A Long Way Gone
The Reluctant Fundamentalist
How does it feel to be a problem? Being Young and Arab in America
I tried to find some souvenirs for my family in the museum gift shop, but honestly, what do you get for people who have everything they want and need?
- go to TKTS and get "Perfect Crime" tickets for half off
- At the end, Kathleen remarked how good the dress fit on Lionel, and that she couldn't see why the play was still running 21 years later; this did not come across as appreciation to my ears ... though I admit to approving of Lionel's red dress as well, it was particularly neat around his bicep/ armhole area; further query over dinner revealed she had enjoyed the puzzling/misdirection of the show, but could not see why the actress had played the show for so long (same actress + same role + 21 years = something's funny ... hm, I see her point)
- stop at gift shops on the way back to the subway at Times Square, and saw some interesting t-shirts, but still could not find anything for family
- Times Square is even crazier than you've seen on TV, people are everywhere! We've decided that anyone who drives in Manhattan is nuts, there are just too many pedestrians, and they don't care about the cars.
- visit Turkuar (Turkish) restaurant for a nice dinner, we had a long time to sit and chat (they were good at finding options for me)
"Christmas Tree at Bryant Park" ...
Monday, the 8th
- up at 7:30 for fabric shopping
- first stop downstairs for breakfast
- off for fabric overload
- It is cold ... the high today is supposed to be 38, I don't believe them (later research showed a high of 30 for the day, and an average of 25.5 ... brrrr)
- off to Mood fabrics where I found shirting and pant fabrics, Kathleen found gorgeous feeling linen, belt, and sheath fabrics
- On to Ann's favorite Metro and the lovely Kashi who has sumptuous woolens, but nothing that seemed to suit my coloring, until Kathleen found this heavenly rayon lycra burnt orange for me
- waltz through M&J trimming since it is on the way
- then we went to the restaurant recommended by a friend, "Le Pan Quotidient" ... excellent meal
- we stroll to Bryant Park across the street and look through their basically open air market, which was fun to browse (I got a gift for BH), but left us numb and verrry slow (neither one of us could feel our feet)
- head to Spandex House, where the term "customer service" has never been heard. We both leave with two lengths of knit ... we worked so hard getting that blue of Kathleen's out from under a ton of bolts, that neither of us has been warmer on this trip (the guy eating his lunch 10 feet away must have enjoyed our struggle too much to help)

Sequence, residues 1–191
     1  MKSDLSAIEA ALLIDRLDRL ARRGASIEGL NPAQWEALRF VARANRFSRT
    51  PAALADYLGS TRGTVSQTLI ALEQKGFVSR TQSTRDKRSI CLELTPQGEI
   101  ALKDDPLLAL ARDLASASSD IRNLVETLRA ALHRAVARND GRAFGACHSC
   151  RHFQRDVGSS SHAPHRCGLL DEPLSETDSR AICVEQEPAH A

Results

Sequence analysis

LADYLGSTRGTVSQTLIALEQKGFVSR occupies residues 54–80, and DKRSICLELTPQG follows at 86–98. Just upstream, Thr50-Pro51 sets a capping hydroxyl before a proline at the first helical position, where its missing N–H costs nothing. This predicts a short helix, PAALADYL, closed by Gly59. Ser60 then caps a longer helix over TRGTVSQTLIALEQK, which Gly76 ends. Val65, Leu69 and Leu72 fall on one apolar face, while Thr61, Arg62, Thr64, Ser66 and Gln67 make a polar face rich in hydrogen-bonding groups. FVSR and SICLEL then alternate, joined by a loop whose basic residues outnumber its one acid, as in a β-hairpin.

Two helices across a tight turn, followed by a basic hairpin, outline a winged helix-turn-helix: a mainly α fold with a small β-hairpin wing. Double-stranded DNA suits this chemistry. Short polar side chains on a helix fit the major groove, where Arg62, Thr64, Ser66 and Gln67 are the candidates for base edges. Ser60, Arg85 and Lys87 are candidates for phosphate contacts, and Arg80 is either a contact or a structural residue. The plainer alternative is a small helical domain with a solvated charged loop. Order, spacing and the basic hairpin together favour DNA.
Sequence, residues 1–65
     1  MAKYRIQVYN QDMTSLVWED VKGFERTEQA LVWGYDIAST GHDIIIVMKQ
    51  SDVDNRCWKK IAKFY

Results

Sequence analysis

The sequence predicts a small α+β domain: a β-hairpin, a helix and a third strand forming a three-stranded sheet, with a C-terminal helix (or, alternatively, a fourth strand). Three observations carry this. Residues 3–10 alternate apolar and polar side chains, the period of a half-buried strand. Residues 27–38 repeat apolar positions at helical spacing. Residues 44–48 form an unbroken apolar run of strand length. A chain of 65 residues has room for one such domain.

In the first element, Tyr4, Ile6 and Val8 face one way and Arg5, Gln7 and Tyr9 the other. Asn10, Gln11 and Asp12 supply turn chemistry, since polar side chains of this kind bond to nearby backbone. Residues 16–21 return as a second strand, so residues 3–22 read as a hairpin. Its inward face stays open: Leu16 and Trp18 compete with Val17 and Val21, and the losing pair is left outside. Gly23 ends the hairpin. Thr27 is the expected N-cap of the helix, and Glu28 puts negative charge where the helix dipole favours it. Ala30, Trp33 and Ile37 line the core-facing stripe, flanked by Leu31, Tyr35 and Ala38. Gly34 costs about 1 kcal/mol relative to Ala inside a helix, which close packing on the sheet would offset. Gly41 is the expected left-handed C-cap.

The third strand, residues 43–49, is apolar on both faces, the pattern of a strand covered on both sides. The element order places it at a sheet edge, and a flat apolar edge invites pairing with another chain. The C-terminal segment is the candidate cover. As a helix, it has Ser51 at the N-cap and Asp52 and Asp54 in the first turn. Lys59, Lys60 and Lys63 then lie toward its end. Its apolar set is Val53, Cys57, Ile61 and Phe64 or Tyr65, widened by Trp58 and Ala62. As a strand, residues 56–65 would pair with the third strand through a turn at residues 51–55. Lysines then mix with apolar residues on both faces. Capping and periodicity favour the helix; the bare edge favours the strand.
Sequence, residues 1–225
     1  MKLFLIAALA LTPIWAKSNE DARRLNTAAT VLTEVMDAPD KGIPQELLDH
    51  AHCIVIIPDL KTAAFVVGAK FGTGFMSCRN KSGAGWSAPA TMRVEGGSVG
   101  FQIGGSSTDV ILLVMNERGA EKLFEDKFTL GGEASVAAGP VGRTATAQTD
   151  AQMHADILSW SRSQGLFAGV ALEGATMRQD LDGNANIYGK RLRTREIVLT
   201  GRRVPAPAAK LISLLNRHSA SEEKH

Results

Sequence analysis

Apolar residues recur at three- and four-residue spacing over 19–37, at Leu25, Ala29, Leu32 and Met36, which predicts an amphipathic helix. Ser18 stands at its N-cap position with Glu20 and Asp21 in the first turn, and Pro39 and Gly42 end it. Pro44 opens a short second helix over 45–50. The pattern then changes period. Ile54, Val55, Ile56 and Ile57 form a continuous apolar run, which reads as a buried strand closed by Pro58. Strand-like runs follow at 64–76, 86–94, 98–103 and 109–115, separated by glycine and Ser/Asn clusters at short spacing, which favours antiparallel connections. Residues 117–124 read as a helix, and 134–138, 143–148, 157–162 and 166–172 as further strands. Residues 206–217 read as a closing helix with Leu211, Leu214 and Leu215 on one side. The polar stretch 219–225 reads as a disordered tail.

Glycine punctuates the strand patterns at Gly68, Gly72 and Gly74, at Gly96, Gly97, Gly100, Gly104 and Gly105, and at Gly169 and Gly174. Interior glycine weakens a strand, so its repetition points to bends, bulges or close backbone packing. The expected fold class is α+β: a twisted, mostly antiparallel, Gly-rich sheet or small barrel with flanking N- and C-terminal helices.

- head back to hotel loaded down; eat at Indian Restaurant "Indus Valley", it was a lovely evening and we enjoyed each others company immensely
"Our stash, is a very, very, very nice stash!"
Tuesday the 9th
- awaken to the alarm and a mouse rooting around in my purse ... I guess it is a good thing I left the purse open, I've seen what kind of damage those little teeth can do!
- a walk through Central Park starts our day off
- we catch a bus to the Frick Collection, which is interesting - his house and some of the artwork he collected through his lifetime ... BUT, here's where I found the rude New Yorkers: the museum staff wouldn't tell you what procedure was and got frustrated when you were confused, the burgundy coated Nazis (BH says call them Fascists!), aka "room security", was skewed to men and they were NOT helpful ... no one could answer my questions: why does the door have a spring, was it the first automatic door closer?, why are all the books covered in place mats?, and how often are all the clocks checked for timing?
- to top the experience off, I was in the dining room (where the carpet is bordered by approx. two feet of wooden floor, which I stepped onto in order to get a better look at the shades and I'm still at least half a foot away from touching anything) when a burgundy coat came by and said, "Please don't step off the carpet?" ... And I'm all, "Um, how am I supposed to get out of the room, then?" So when I left that room, I made a big production about stepping waaaaay over the wood border to reach the next room. Thank goodness for long legs. Anyway, I saw previously unknown paintings by artists that I recognize (Degas, Whistler, Vermeer, etc.), and Kathleen and I thoroughly enjoyed dissecting: